In 2010, the Russian republic of Dagestan pioneered alternatives to force in dealing with its jihadist insurgency, though it reverted to repression ahead of the 2014 Sochi Olympics. Faced with possible returns of fighters from Syria and Iraq, the authorities should revisit their nuanced policies.
Following controversial 26 Sept deal with Chechnya on demarcation of administrative boundary between regions, month saw political crisis in Ingushetia and increased tensions with neighbouring republic Chechnya. Thousands rallied in front of regional parliament in Ingush capital Magas 4 Oct as lawmakers debated deal; bodyguards of regional leader Ynus-Bek Yevkurov fired into air after protesters threw plastic bottles at him. Govt reported parliament approved deal, although some lawmakers claimed vote was falsified. Protests continued in main square 5-7 Oct, and from 8 Oct in front of state radio and TV, demanding Yevkurov’s resignation and referendum on deal; media reported large numbers of women and elderly among protesters. Leadership claimed deal only exchanges unpopulated agricultural land, however protesters claim it is unfair and detrimental to region and was made without consultation; adding to pressure on Yevkurov, Ingushetia’s constitutional court ruled decision illegal, saying it should be decided by referendum, however Yevkurov refused to accept ruling. Chechen leader Ramzan Kadyrov said protesters would be “held accountable”, and 19 Oct reportedly visited villager in area concerned. Presidential envoy Alexander Matovnikov and local civil society representatives met 16 Oct, decided to hold session of Ingush Commission on Cooperation with Chechen govt agencies on border dispute; Ingush authorities said meeting took place next day; Russia’s RBC media reported that Kremlin officials acknowledged law had “inconsistencies”. Amnesty International said one of its researchers monitoring protests in Magas was abducted 6 Oct by men claiming to be security officials, who held him hostage for six days, beat him and subjected him to mock execution; Ingushetia interior ministry said it could not verify claims. In Dagestan, security forces reported they killed two suspected militants during counterterrorism operation 13 Oct in Khasavyurt region, where they have been conducting operations since mid-Sept. Military tribunal in Ingushetia 25 Oct upheld murder and torture convictions against seven security personnel including head of counter-terrorism centre, for killing, use of violence and extortion.
With living conditions worsening, and crossfire still claiming casualties, people residing in eastern Ukraine’s conflict zone feel increasingly abandoned by the central government. Reintegrating the area requires Russian withdrawal, but in the meantime Kyiv can and should better protect civilians and meet humanitarian needs.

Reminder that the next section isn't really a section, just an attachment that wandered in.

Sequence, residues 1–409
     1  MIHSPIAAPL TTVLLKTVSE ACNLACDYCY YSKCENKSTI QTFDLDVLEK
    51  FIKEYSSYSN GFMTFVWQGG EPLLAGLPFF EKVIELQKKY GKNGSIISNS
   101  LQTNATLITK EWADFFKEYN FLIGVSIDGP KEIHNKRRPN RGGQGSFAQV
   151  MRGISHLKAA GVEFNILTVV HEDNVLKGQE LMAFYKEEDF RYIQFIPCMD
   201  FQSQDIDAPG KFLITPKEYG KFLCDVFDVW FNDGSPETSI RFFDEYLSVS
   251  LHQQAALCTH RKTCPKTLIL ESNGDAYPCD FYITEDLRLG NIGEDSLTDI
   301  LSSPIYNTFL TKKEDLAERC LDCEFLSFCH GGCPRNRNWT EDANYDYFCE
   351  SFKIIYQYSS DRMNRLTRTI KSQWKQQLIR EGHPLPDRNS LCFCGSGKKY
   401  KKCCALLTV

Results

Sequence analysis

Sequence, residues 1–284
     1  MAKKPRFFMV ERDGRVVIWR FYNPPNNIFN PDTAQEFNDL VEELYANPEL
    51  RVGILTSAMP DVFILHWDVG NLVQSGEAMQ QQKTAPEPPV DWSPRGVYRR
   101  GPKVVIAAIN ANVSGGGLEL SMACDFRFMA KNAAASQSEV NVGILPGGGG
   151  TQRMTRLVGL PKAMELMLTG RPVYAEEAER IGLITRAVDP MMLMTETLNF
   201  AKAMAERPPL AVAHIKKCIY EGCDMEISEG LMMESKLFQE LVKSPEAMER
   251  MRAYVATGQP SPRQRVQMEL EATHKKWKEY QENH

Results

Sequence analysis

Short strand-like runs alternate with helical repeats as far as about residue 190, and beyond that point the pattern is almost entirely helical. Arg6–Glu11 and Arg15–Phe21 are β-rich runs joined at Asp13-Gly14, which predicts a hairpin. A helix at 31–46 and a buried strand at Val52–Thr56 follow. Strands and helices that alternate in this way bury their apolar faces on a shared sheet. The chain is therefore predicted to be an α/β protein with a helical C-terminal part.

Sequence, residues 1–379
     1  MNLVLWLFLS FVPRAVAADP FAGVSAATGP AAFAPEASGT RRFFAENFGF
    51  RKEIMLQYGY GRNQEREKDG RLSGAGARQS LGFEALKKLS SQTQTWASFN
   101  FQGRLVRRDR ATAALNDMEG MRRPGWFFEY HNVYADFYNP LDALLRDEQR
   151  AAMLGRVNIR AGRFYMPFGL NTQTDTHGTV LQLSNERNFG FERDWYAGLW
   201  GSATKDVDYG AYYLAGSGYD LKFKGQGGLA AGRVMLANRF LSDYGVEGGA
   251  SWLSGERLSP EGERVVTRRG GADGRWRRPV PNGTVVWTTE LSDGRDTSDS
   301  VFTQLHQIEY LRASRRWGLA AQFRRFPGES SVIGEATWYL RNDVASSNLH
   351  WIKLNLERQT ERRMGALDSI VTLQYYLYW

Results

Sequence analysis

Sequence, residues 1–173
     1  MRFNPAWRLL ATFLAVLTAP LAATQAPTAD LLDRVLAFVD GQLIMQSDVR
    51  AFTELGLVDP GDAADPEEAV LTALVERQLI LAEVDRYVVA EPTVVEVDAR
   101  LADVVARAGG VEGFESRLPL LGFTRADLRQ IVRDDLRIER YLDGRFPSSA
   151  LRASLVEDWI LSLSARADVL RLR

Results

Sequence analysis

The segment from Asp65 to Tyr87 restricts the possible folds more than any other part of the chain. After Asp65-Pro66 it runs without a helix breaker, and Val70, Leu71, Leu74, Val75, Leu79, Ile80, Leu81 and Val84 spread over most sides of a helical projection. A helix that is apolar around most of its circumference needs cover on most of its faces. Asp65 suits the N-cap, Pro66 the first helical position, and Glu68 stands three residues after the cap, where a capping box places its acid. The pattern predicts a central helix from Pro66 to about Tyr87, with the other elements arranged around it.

Much of north-eastern Syria has been safe during the civil war. But in the event of U.S. military withdrawal, a mad scramble for control could be unleashed. Washington and Moscow should help their respective allies in Syria reach a decentralisation deal for the area.
The Kremlin is fostering a culture of military-tinged patriotism, partly to rally support for armed interventions abroad. The sentiment springs from pride in Russia’s past as a global power and desire to reclaim that status. Its possible co-optation by far-right nationalists, however, should worry Moscow.
Rivalry persists between Russia and Turkey in their shared neighbourhood of the Black Sea and the South Caucasus. But Moscow-Ankara relations have warmed overall. Building on their wider rapprochement, the two powers can work together to tamp down flare-ups of regional conflicts.
As the Syrian regime masses its forces to recapture the country’s south west from the opposition, another humanitarian disaster looms. The U.S., Russia and Jordan, which brokered a south-western ceasefire in 2017, should urgently extend that truce in preparation for a broader settlement.
China and Russia’s separate visions for Central Asia could transform the region’s political and economic landscape as well as relations between the two Eurasian giants. To the smaller, embryonic Central Asian nation states, the new geopolitical realities could offer both economic prosperity as well as worsening instability and conflict.
[Russia is] targeting the [African] regimes that do have not have very good relations with the west or who are dissatisfied with west like Sudan, Zimbabwe and CAR.
[The rapprochement between Russia and Turkey] demonstrates a striking level of pragmatism in this relationship.
The current situation does not contribute to the post-war reconciliation [between Russia and Georgia] - it only fuels conflict with an increasing feeling of injustice for [people] living near the dividing line.
[The] assumption that [President Putin has] a grand evil plan only feeds the domestic myth of a Russia under siege.
Russia needs both the Syrian regime and Turkey. So it has to give a little bit to both and it has to ... make them equally angry, if that's what it wants.
In the end [Moscow] will want a political solution in Syria, and economic reconstruction. For that they will need European input and money and investment.
Originally published in Russia File
Originally published in Time
Crisis Group's Europe & Central Asia Program Director Magdalena Grono talks about the relations between Russia and Turkey as they reflect on the Black Sea and the South Caucasus.